6 Historic Pubs in North Wales

Let me ask you something: what is better than having a pint with the lads? Having a pint with the lads at a place that’s older than your granddad. North Wales has pubs with interesting anecdotes, legends, and even spooky secrets. Where can you find these pubs and do they really have that much history around them?

The Albion Ale House

Nestled in Conwy and built in 1921 lies one of the best historic pubs in the UK. The interior has remained largely unchanged since its creation, meaning that pretty soon it is going to feel the roaring twenties for the second time. It has received several awards and recognitions and you should not expect the usual pub entertainment, like the telly or fruit machines. There isn’t even any music. No, in this grade II pub, you are expected to talk to each other.

The Blue Anchor

If you think the 1920s were old, wait until you see the Blue Anchor. It has been around since 1380 and, during its years, it was the place to be in Aberthaw, especially if you had any deals to make regarding trade.

There are many stories here about smuggling goods, particularly alcohol, and several legends, like the one that states there is a tunnel connecting the Blue Anchor to the Aberthaw Bay.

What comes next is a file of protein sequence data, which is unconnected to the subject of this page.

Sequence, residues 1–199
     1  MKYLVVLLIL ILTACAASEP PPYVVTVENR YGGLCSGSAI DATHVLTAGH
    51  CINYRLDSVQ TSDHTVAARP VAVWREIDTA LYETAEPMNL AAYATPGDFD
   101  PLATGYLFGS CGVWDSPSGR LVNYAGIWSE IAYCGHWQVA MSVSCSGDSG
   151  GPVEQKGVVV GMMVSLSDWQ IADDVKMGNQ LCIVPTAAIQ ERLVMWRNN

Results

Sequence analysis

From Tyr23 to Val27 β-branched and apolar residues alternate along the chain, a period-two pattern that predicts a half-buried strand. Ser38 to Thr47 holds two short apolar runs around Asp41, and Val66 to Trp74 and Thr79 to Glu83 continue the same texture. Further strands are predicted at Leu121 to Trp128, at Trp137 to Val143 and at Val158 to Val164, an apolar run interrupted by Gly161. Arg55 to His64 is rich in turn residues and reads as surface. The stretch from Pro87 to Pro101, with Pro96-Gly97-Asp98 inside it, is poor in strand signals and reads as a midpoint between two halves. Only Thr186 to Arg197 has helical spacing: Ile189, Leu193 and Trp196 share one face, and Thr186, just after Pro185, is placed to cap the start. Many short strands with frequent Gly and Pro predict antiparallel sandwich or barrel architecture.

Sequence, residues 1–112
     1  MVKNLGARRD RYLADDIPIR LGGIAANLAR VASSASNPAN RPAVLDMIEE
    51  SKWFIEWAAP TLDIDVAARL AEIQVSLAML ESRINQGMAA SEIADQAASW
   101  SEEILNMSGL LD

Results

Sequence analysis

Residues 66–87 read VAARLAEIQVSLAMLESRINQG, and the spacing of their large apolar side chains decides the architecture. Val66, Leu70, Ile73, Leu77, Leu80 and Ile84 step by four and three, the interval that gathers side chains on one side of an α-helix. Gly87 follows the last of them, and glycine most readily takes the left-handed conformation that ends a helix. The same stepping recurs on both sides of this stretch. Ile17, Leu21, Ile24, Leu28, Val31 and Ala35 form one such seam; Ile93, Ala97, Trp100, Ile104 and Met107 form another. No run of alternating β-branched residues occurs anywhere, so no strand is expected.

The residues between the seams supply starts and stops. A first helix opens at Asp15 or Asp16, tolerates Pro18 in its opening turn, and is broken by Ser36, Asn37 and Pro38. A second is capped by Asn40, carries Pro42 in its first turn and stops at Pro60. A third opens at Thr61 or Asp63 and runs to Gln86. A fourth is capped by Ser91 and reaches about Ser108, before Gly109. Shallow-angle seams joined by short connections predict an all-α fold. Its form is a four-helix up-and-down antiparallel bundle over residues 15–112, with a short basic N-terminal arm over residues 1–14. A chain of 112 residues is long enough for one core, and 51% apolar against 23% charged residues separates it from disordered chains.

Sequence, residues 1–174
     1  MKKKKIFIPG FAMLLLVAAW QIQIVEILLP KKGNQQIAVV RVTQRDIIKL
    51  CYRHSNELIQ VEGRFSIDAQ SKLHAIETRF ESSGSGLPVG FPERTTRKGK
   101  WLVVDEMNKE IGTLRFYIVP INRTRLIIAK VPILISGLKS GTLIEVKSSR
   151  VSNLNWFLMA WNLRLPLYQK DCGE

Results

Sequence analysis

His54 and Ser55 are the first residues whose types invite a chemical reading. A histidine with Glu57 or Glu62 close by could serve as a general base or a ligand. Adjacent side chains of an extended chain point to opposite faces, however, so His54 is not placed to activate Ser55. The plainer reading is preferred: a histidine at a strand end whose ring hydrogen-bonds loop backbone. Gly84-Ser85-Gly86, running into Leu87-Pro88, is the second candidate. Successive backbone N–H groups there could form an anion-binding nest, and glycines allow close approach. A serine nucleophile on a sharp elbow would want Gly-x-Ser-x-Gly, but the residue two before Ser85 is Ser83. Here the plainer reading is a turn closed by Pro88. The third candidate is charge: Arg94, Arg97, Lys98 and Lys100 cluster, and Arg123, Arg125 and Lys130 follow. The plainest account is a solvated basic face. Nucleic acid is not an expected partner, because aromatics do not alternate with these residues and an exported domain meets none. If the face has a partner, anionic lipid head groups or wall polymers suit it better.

The pub has also been used for various films.

The Three Tuns

This pub comes from the 16th century and is believed to be the oldest house in the town. Like a few other historic buildings and pubs, it had a few mishaps, including a fire, but it was restored to its former glory. One of the selling points of the pub that puts Hay on the map is that it has a huge central Inglenook chimney.

The White Lion Inn

Some believe that the pub is around 1,200 years old. It has a beer garden and features a relaxing and family-friendly atmosphere. One thing to try out if you are ever near the pub is to go to St Elian’s well. It is famous for cursing. No, it doesn’t mean that you can swear all you want, it has more to do with cursing your enemies.

The Prince of Wales

You may not believe this, but when this building came to be, it was originally meant to serve as the Town Hall of Kenfig. That was not its only purpose – it was also a school for more than a hundred years, and a mortuary.

The Golden Cross

You may be scared that you’ll be bored when you visit these historic pubs, as there is very little in terms of modern entertainment they offer. This is not the case with the Golden Cross, an inn that perfectly brings together the old world and the new. There is even the Stable Bar, perfect for all kinds of functions and parties. The inn welcomes weary travelers and offers them comfortable beds and delicious food.